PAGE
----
Ever since I first heard about Tesla and their autopilot feature in 2015, I have been patiently waiting for autonomous cars. Yet they always seem to be just out of reach and in testing phases. Now with numerous companies researching self-driving vehicles, including Audi, Volvo, Cadillac, Mercedes, and even technology companies like Apple, Uber, Amazon, Cisco and so many more, you would think that by 2021 we would have something. Even then-US Secretary of Transportation Anthony Foxx declared in 2016 that we’d have fully autonomous cars everywhere by 2021. So why aren’t we all being driven to class campus every week in our new autonomous cars?
The Vision of Fully Automated Cars
To understand more where I’m coming from, it might help if I give an explanation of the potential of an autonomous vehicle future. Optimistic urban planners started thinking what a city design could look like without the clutter of automotive detritus. There would be no more traffic signs or stoplights, no more cars parked by the side of the road. You would simply be dropped off at your destination and then the vehicles would leave. Cars would be able to chat with each other and the roads to control the flow of traffic. There would be no more car accidents, saving 1.3 million lives every single year. Obviously, this idealization of a fully autonomous vehicular world is not anywhere close and has many hurdles to cross if we are ever to reach there.
What’s Stopping Us?
Well to be honest, quite a lot. To start with, the technology is a lot tougher than expected. Not just the programming of the rules of the road, communicating with human drivers and pedestrians, who goes first at a four-way stop? It’s also getting sensors that work perfectly in all visibility conditions, including weather, flock of birds or some wind-blown leaves, it is a child’s ball that rolled into the road or just a trash bag? The cars need regulations as well, from the federal level all the way to the local level, all needing the support of the public as well. And I’m sure not even everyone reading this right now would feel completely comfortable being in an autonomous vehicle.
As simple and straightforward roads might look on a map for a program, what happens on them is normally quite the opposite. Humans are proficient driving cars, but not necessarily good at driving cars. Their imprecise and can be difficult to predict. So until every vehicle on the road is fully autonomous, which is seen to be very unlikely, every vehicle will have to be able to respond to every nuance of human drivers on a daily basis. The stuff that we can handle without even thinking about, is the stuff that autonomous vehicles are having a hard time catching up with.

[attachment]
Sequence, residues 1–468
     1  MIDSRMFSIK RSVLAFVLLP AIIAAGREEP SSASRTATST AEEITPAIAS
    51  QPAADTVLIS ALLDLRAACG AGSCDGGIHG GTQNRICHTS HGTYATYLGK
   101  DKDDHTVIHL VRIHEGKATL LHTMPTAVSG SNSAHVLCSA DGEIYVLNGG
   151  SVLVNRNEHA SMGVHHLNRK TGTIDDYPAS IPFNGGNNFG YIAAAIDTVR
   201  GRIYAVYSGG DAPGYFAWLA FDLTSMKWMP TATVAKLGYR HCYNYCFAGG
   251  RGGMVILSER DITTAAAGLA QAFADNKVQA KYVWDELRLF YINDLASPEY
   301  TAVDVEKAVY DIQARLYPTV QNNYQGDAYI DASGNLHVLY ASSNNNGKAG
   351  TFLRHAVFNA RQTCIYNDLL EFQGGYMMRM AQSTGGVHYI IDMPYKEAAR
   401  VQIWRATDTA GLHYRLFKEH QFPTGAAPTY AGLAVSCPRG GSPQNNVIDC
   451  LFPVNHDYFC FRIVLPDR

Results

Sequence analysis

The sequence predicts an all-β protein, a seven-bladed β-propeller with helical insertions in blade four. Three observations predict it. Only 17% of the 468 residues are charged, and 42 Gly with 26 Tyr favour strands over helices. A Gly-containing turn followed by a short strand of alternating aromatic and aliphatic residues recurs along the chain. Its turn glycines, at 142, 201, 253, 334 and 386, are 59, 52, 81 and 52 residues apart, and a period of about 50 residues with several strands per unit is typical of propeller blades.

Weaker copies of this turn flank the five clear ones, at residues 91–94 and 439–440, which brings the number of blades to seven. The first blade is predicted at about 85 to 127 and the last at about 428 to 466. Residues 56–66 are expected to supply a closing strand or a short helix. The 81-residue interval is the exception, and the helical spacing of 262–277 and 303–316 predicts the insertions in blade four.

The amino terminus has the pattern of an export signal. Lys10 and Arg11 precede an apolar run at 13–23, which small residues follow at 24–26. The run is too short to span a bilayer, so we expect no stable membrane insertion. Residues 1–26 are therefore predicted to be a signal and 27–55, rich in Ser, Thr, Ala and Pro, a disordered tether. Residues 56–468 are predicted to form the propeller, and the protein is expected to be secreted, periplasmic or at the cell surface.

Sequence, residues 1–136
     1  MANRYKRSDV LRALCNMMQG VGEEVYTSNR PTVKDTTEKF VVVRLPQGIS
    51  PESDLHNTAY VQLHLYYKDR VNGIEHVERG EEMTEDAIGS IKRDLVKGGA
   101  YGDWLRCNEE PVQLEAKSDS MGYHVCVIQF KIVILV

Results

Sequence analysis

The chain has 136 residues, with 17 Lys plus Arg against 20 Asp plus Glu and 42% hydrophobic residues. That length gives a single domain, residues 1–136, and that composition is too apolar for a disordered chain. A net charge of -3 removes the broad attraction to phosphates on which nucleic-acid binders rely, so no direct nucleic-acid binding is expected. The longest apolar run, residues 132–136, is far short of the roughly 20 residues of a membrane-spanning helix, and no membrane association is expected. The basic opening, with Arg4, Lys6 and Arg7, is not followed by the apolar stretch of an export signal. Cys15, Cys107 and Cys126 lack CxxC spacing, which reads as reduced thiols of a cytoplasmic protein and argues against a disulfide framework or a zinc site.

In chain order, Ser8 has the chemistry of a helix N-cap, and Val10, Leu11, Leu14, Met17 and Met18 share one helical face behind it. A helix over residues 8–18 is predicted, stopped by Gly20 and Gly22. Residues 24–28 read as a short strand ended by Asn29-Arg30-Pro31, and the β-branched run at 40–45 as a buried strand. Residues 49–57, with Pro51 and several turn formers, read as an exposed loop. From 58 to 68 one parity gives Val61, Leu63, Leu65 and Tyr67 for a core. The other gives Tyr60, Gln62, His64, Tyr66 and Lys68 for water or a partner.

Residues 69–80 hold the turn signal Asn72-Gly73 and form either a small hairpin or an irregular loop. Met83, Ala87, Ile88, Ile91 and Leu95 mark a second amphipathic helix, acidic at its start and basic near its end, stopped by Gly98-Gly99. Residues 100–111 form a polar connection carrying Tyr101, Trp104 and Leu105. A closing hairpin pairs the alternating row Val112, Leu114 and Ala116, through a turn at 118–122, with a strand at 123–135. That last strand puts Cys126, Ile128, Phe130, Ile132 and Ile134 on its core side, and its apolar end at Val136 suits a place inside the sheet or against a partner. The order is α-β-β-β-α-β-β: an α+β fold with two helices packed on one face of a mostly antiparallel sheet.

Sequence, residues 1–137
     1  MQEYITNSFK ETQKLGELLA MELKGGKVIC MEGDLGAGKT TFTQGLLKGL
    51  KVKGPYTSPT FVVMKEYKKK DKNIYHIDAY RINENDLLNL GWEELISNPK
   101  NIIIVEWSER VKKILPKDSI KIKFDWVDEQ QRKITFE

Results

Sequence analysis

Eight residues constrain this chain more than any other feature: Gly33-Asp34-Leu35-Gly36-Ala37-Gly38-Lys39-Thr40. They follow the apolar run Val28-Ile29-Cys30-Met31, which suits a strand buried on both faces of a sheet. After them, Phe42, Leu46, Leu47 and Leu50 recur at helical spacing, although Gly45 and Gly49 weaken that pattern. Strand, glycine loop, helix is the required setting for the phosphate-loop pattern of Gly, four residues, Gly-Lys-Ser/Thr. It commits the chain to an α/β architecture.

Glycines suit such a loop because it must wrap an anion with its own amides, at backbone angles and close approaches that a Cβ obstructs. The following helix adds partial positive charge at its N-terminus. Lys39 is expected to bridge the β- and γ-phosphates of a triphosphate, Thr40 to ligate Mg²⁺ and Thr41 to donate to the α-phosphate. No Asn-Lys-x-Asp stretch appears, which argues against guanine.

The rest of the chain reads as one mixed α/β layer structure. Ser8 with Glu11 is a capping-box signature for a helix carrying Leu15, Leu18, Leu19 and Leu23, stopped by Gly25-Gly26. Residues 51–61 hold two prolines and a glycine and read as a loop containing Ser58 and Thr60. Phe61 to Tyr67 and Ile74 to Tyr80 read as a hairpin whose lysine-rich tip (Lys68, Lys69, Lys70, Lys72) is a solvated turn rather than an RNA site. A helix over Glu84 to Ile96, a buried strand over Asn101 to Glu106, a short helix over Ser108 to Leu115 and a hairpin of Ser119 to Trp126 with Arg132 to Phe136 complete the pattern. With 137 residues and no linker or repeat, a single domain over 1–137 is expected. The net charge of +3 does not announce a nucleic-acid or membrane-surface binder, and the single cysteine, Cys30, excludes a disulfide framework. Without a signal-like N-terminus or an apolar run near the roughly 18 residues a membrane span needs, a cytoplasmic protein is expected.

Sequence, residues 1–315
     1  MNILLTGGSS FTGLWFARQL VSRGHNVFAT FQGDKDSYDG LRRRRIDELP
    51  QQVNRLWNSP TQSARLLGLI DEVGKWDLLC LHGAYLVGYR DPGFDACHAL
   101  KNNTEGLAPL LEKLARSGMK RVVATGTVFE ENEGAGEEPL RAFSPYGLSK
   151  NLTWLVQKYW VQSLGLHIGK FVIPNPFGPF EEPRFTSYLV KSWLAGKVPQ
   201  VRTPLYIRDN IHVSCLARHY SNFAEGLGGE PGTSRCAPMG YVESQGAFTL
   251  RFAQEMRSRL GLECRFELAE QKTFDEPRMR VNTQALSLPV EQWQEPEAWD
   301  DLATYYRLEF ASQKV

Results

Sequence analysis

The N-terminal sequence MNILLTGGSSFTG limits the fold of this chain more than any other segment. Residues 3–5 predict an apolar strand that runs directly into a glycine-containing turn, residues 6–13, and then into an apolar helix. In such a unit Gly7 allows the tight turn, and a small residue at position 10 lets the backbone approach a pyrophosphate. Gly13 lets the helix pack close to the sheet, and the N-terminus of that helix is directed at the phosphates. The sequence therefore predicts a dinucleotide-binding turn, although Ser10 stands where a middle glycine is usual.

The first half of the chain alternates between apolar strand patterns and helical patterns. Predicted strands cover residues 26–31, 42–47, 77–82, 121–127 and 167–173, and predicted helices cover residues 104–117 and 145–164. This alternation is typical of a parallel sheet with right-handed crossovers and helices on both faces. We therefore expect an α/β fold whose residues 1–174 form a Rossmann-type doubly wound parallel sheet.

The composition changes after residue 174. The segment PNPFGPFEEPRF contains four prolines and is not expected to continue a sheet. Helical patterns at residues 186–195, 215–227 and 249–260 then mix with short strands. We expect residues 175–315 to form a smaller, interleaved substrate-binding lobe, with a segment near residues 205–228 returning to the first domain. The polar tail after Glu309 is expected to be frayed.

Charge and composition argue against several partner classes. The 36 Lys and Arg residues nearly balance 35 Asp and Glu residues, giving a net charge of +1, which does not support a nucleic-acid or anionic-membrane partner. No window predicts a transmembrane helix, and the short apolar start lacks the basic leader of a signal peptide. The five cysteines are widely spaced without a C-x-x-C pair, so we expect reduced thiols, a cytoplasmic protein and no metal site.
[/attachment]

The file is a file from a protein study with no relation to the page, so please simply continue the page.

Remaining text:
Is There Any Hope?
There is! It might not be as fast as I would personally like it, but the technology behind autonomous vehicles is still making progress. Artificial intelligence systems are ever improving, and like I mentioned in my last blog post, can be taught to think more like humans. Allowing cars to be able to potentially better predict what other human drivers may do on the road.
Cloud systems and 5G networks are the potential next big step. Cloud computing allows engineers to offload data processing away from the vehicles themselves and onto more capable servers, leaving the autonomous drive systems to be in much better condition. The 5G network would enable a lot of features within these systems. The increased power of the 5G network will allow cities to better control traffic, cars will know every traffic signal in every intersection on the way to it’s destination, and vehicles will be able to communicate with each other for lane switches, traffic congestion, or weather.
The way that your GPS works now to detect traffic congestion and reroute you, would be the same way that the autonomous vehicles would but through a larger and more robust network. This can only be done when vehicles are communicating with each other and that is more viable now with the strength of 5G networks.
Even Covid-19 might be able to play a part in how the future of autonomous vehicles play out. The virus might permanently change the way that consumers feel about transportation. Some may want to stay away from public transportation or shared transportation, like Uber, for now on and would be more willing to have an autonomous vehicle pick them up and drop them off at their destination.
What are your thoughts on the future of self-driving cars and how do you imagine that automakers and other companies will react to the change in market with Covid?